While its Graviton ARM CPU announcement was perhaps the bigger news at Amazon’s ARS re:Invent show, the cloud computing giant released a flood of smaller updates for its IoT offerings. The move adds weight to our view that the cloud computing market is going to secure a stranglehold on IoT applications and services, run as a service by the likes of AWS, Microsoft, and Google.
If the titans were struggling to address the opportunity, we might think there was room for a minnow to sneak in and carve out a slice. However, the big boys seem to be ahead of the curve, making this look like a demand-side problem rather than a supply-side one. The giants appear to have most of the tools in place to power a given IoT application, but the rest of the world is only beginning to wake up to that opportunity.
Of course, there will be industries or markets that create opportunities for smaller players that won’t be crushed by the big three. PTC and its ThingWorx PaaS is a good opportunity of this, in the industrial world, as are the likes of Siemens’ MindSphere, Bosch’s IoT Cloud, or Ayla Networks in the consumer electronics world.
But as the largest companies begin to slowly adopt IoT technologies and their supporting applications, whether or not the end-customer is even aware that they are now becoming an IoT adopter, it seems certain that the existing cloud providers are going to be able to secure the bulk of these new IoT opportunities – swept up in an upsell, or simply a new box to tick in the configuration menu. Eventually, new purchases are going to have native IoT functions, and at some point, the integrations should be almost painless.
Until that world comes to be, we are stuck with fiddly configurations and integrations, where devices have to be connected, authenticated, and then their data processed, before they can be used as part of a wider application. To this end, AWS is pushing its new suite of tools and services, hoping to snare both startups and enterprises that are forging an IoT path.
Microsoft has made its Azure offering pretty clear, and its embracing of Linux is proof of its new ethos. Similarly, its Azure Sphere OS, which runs on its own designed-for-security microcontrollers, is an attempt to facilitate highly secure end-devices, which can then be safely incorporated into cloud-based applications. Google has been less obvious in its IoT strategy, but it does not look like it’s far behind these two.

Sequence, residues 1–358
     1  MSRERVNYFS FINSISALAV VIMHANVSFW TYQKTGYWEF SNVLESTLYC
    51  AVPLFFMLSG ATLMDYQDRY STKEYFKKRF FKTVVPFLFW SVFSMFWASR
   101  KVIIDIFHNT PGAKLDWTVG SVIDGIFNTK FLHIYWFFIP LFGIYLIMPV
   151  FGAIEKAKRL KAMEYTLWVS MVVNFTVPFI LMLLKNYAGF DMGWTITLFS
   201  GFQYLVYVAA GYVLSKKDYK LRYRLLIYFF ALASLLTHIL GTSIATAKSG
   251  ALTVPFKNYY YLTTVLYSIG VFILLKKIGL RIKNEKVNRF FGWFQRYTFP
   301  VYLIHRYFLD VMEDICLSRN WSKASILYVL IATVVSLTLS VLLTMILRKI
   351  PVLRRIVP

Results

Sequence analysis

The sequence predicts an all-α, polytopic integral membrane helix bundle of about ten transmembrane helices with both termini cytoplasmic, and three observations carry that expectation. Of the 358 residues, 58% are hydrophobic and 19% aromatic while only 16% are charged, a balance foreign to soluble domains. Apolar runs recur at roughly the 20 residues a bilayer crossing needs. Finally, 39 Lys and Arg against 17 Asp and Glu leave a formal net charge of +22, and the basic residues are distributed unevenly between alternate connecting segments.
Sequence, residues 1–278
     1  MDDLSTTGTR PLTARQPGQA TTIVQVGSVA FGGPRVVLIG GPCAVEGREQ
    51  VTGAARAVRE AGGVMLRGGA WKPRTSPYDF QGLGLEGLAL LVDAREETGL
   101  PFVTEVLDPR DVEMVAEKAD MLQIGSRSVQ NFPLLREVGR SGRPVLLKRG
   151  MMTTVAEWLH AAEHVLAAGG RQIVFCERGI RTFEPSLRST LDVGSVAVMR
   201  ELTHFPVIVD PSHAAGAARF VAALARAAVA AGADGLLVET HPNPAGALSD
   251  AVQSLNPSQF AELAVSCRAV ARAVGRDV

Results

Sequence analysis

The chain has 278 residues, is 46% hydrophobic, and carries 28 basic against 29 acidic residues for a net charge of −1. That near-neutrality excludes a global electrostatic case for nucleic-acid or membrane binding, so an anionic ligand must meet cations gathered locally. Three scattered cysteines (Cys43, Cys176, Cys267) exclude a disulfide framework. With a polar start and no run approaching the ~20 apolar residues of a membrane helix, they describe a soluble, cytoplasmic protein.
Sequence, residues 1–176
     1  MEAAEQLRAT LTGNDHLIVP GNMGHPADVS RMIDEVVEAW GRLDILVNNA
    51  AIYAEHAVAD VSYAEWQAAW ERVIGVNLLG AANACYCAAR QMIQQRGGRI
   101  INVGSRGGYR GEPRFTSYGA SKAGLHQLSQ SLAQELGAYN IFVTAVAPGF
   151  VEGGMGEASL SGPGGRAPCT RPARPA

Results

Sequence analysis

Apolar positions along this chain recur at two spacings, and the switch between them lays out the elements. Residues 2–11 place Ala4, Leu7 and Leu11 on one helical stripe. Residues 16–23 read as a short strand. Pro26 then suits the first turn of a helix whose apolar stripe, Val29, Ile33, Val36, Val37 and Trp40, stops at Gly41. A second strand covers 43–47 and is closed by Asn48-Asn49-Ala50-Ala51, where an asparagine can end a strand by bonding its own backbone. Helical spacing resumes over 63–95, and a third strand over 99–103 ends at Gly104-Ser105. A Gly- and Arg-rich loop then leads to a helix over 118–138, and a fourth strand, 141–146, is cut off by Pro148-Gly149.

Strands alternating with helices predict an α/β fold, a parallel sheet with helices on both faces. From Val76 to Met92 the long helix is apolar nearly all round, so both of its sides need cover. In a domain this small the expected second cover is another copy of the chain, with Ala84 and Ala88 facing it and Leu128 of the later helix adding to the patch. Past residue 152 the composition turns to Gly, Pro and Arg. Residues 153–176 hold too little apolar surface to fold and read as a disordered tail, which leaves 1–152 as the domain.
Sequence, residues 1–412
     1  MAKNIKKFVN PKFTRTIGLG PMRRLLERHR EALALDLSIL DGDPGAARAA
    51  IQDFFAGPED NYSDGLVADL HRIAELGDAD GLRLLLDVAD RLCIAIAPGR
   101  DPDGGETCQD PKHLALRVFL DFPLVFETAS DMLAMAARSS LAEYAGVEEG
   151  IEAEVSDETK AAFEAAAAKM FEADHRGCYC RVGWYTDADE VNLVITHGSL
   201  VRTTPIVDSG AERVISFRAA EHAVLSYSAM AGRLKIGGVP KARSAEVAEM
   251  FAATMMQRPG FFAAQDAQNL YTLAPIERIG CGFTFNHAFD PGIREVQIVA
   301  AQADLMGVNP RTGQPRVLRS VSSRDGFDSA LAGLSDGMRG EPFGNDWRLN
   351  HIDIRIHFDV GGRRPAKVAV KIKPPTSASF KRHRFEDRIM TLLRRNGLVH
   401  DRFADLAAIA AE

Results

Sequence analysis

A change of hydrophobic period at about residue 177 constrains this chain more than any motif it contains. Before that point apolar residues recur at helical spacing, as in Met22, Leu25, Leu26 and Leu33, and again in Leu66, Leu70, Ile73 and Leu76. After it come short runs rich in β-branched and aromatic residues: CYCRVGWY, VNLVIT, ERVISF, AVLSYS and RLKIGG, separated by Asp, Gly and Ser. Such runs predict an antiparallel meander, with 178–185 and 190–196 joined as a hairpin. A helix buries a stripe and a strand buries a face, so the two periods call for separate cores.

As for the AWS announcements themselves, the edge-processing Greengrass platform has had a bunch of upgrades to better connect it with third-party applications, as well upgrades for hardware root-of-trust capabilities and new isolation and permission settings. Essentially, it looks like it will be easier for customers to deploy Greengrass-enabled devices at the network edge, housing Trusted Platform Modules (TPM) and Hardware Security Modules (HSM), to ensure better security and regulatory compliance, with new isolation options to make sure that the containers cannot overreach their bounds. Greengrass was launched back in December 2016.
IoT SiteWise is a service designed to collect and organize industrial equipment data, and AWS has now made it available in its Preview mode. This is a service that will catch the eye of the likes of Siemens, Bosch, and GE, as well as the dozens to hundreds of other major manufacturers of industrial equipment.
Many of those vendors have been experimenting with providing their own PaaS offerings in conjunction with physical assets, as an attempt to get into the services game, and while many will be using AWS for their hosting needs, it should worry them that AWS could start pilfering those customers.
For now, SiteWise is a way to link industrial gateways to Amazon’s cloud, where their data can be analyzed and presented to staff. The SiteWise software can apparently be installed on common third-party gateways, or on an AWS Snowball Edge box, which is one of Amazon’s data migration tools, which is also being pushed as an option for edge-processing.
The other IoT announcements are a bit more practical, and less exciting. AWS customers can now use IoT Things Graph, again in Preview mode, which is a service that helps developers link devices with web-based services. A drag-and-drop UI should make this fairly simple, but the tool lets customers build applications that can then be deployed on Greengrass gateways, where the tool can then facilitate workflow automation.
IoT Events is a new service, again now available in Preview, which has been designed to let customers set up responses to events generated by applications and sensors. Essentially, it will look to spot events in data, which can then trigger alerts and appropriate actions. AWS says it makes spotting events among thousands of sensors very easy to do, and points to applications like freezer management as good candidates.
The final loT announcement was Device Tester, which as the name suggests, is a tool that lets you see whether a device is going to correctly connect to the rest of your stack. It is designed for testing things running Amazon FreeRTOS or Greengrass, which does limit its reach somewhat, as enthusiasm for FreeRTOS after it was essentially in-housed by Amazon does seem to have waned.